Tungsten may be Swedish for “heavy stone”, but darts technology is definitely not in the stone age, carbon darting can tell you that!

The 1937 Silver Comet

There are 8 comments to this post

Posted by Kenneth at 12:22 on 28th June 2012

A little bit disappointed. I'm waiting for a carbon side load stem, but it dosen't release! Why not to make one in carbon base, with orginal plastic top?

Posted by Fuzzi0n at 13:15 on 28th June 2012

Appreciate the blog as ever UniBoffin, always an interesting read.

Regarding the carbon side load shafts, I'd have thought the only way to do those is with a carbon base and the normal plastic tops otherwise you'll end up breaking the things after every throw. Possibility of those in the future?

You may or may not recall I asked about short silk stick shafts with replaceable tops around the time when last years new range came out, would still love to see those being released at some point.

As for the normal carbon shafts, would be good to see those in different lengths too, considering I have a habit of breaking most short plastic shafts and bending alloy ones I'd like to see if I can pull it off with the carbon ones too.

Nice 2013 range, a few products really caught my eye, good work by Unicorn.

Posted by Warren Ackary at 01:22 on 29th June 2012

Good read as usual!

Love the 2013 range and am thrilled to see the Silver Comet reintroduced!
Been reading the above replies yet I have my reservations.. I would like to see a carbon shaft with a plastic top (purely for the genral publics financial costs) I do beleive the slik stik will still be a great seller as it has been proven so since day 1!

As for "torpedo" Darts.. I say YES! Alot of people do not realise that there is less energy and muscle wear & tear using them.
Ok, thanks to Richard Lowy in 1985 for sending me my first set of Tungsten darts (being the John Lowe barrels) I did realise through the years that the throw was causing a few aches and this of course is personal but may shed light on something others have.
When I went to my first set of front loaded darts.. I realised that the weight of the nose area itself was doing alot of my work for me and thus I didnt have as much muscle strain.
Some people will dispute this (as you do) that "pencil" darts are better, each to thier own but I am touching on a point that you can throw "pencil' darts for years yet why not try front loaded barrels? See the difference for yourself BUT be warned.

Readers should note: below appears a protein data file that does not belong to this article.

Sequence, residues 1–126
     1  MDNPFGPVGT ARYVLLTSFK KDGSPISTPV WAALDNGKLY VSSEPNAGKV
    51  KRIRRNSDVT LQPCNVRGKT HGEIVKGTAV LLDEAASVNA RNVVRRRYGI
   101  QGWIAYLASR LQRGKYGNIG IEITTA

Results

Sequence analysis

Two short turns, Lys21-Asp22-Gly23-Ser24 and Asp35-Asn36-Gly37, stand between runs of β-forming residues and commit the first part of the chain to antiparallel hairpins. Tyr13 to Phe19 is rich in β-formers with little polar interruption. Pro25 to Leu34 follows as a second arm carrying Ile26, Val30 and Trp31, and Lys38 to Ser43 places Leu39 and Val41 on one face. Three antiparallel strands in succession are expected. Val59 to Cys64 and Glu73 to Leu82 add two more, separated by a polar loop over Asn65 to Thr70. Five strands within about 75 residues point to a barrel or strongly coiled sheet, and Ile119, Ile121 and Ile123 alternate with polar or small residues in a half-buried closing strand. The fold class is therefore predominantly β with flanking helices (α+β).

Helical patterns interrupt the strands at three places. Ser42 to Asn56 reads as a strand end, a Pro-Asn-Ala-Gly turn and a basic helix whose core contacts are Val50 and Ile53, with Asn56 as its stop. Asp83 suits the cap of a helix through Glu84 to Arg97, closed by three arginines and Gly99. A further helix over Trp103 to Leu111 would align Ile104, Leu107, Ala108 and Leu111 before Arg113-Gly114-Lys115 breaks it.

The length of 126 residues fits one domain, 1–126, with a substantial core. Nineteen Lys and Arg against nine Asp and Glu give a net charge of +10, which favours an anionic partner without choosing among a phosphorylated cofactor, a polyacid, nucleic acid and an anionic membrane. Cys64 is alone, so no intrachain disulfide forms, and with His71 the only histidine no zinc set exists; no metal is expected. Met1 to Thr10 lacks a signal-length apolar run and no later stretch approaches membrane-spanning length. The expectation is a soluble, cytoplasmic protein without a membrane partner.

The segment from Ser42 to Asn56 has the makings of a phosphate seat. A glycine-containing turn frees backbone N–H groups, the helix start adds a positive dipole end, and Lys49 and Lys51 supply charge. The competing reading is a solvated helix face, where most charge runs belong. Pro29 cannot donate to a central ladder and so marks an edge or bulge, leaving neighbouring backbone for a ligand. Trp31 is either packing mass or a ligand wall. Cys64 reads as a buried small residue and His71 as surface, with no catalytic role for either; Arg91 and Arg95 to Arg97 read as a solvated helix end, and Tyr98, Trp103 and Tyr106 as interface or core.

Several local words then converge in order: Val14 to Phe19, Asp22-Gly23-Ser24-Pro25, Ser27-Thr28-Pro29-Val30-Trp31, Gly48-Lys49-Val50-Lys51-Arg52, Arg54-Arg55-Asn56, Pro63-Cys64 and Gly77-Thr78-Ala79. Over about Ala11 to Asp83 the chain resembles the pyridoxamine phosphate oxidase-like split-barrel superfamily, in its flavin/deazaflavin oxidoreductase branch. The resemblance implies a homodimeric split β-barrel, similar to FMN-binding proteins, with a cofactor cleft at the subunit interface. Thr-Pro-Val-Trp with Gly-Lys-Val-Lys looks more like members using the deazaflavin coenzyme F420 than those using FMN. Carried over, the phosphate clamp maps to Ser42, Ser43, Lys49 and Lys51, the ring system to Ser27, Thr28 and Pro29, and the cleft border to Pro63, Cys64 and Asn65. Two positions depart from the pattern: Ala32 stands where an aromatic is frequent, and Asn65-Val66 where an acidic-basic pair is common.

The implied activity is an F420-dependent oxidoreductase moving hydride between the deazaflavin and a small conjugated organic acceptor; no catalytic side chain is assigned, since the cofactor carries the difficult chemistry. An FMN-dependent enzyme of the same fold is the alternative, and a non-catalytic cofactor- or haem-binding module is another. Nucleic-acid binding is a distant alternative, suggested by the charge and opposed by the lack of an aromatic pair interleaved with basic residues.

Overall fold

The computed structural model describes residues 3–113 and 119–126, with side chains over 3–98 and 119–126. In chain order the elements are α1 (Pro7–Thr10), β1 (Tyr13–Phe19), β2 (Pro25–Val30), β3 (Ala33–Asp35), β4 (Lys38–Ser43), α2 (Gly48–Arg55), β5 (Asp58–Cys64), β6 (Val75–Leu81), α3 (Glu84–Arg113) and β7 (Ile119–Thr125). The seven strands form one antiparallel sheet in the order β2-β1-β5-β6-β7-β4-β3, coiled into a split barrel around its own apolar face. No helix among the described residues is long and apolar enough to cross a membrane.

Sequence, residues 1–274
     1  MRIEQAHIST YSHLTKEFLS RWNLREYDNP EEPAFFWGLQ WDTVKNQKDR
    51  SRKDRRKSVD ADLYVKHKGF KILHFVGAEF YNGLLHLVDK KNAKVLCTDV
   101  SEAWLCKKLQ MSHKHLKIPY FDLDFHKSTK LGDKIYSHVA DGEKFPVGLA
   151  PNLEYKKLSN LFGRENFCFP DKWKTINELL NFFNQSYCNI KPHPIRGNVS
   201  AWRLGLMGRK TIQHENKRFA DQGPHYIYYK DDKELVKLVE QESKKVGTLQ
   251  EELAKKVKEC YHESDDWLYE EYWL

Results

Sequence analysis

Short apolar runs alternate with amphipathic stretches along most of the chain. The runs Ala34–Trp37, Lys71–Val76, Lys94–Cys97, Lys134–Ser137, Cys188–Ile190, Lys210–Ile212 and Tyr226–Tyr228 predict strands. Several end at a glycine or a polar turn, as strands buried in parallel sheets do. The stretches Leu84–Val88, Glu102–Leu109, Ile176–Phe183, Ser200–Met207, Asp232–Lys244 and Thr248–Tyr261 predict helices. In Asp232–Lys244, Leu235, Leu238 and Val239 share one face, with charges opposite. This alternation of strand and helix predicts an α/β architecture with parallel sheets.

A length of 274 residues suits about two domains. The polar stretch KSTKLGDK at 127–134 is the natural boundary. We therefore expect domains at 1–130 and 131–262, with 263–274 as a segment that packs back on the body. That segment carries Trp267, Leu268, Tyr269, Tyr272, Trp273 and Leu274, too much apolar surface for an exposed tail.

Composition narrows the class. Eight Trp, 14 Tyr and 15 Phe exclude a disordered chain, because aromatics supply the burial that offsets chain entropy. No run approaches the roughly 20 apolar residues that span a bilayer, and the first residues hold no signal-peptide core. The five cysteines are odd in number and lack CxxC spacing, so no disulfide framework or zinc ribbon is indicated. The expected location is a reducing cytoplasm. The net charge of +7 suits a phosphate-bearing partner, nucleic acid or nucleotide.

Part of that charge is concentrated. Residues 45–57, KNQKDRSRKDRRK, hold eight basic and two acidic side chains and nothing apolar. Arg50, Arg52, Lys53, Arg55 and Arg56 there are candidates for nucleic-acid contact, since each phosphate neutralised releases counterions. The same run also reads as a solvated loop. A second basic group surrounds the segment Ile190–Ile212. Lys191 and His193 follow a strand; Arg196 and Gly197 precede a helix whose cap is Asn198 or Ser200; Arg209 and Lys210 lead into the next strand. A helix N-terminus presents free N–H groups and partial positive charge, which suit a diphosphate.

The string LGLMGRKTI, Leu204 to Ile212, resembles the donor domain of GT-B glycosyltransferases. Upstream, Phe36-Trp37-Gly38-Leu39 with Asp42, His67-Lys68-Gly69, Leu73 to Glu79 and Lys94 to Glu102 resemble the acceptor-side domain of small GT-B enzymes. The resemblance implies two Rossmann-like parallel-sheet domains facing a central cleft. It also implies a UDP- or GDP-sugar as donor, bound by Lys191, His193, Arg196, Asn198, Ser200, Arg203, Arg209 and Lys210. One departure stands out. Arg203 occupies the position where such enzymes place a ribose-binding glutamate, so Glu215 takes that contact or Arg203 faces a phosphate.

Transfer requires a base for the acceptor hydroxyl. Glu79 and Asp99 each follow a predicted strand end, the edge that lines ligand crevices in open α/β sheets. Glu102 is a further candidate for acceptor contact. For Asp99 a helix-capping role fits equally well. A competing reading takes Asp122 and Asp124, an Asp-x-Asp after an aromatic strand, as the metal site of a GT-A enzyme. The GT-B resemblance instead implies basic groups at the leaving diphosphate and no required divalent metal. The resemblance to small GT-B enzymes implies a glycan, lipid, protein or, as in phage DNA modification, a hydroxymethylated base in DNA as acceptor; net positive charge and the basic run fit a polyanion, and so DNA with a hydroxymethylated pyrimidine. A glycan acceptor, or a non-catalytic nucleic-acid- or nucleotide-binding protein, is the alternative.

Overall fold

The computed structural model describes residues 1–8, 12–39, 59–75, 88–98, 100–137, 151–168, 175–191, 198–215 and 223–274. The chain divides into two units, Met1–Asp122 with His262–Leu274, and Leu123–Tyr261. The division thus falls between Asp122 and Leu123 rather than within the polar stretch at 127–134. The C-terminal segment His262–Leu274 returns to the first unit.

You may have to change the length of point from long to medium (perhaps the Unicorn center grooves points) as the direcion of the front loaded barrels will travel up then dramatically down so if you are using long points you may miss your target by millimetres (both under & over).
I stand my ground on this and have gone back to where being most comfortable at the line is. I would be hurling a "pencil" dart not throwing it.

Worth a try as would be the change in Carbon Graphite as per my post :)

Posted by Jeff Cruz at 05:02 on 5th July 2012

It will be quite interesting to try front-loaded dart barrels...but getting into the feel of it may take more time and more trial-and-error in finding a good set-up for the darter...
I think Eric Bristow's thought that if it works for you, don't change it may apply...but it also bring a thought about the great Phil Taylor's evolution ever since his first World Title...change must be for the better...just my thoughts...

Posted by Mad John at 14:12 on 6th July 2012

All Hail The Uniboffin Again

Delighted to see the arrival of Unicorn carbon fiber. I look forward to obtaining a set of the latest Sigmas. There have been carbon fiber shafts out there but these new ones from Unicorn are the first total carbon fiber with no other materials.
I would think they are even lighter. This is good.

After this engineering marvel if you get carbon fiber loaded on the boat to America quickly I support both a pay
raise and a vacation for the Uniboffin.

Posted by John at 09:16 on 17th July 2012

I can understand all the excitment about carbon... but it seems Unicorn is a little slow.... we are into ceramic and magnesium shaft etc...
ceramic tips too... to transit between soft-tip and 'steel-tip' without affecting the balance of the dart..

Posted by Hays Paterson at 21:19 on 18th July 2012

Well digested the vast sum of the last five tomes and am back up to speed.

As always an enlightening romp through the in's and out's of Planet Darts.

I often find it encouraging and entertaining as well to set aside an afternoon to devour and decode all this data.

Just call me Oliver, " More please!"

Posted by ADRIAN at 03:29 on 8th January 2013

Please can you tell me will their be soon some unicorn short carbon fibre stems .
because at the moment they only do them in medium thanks.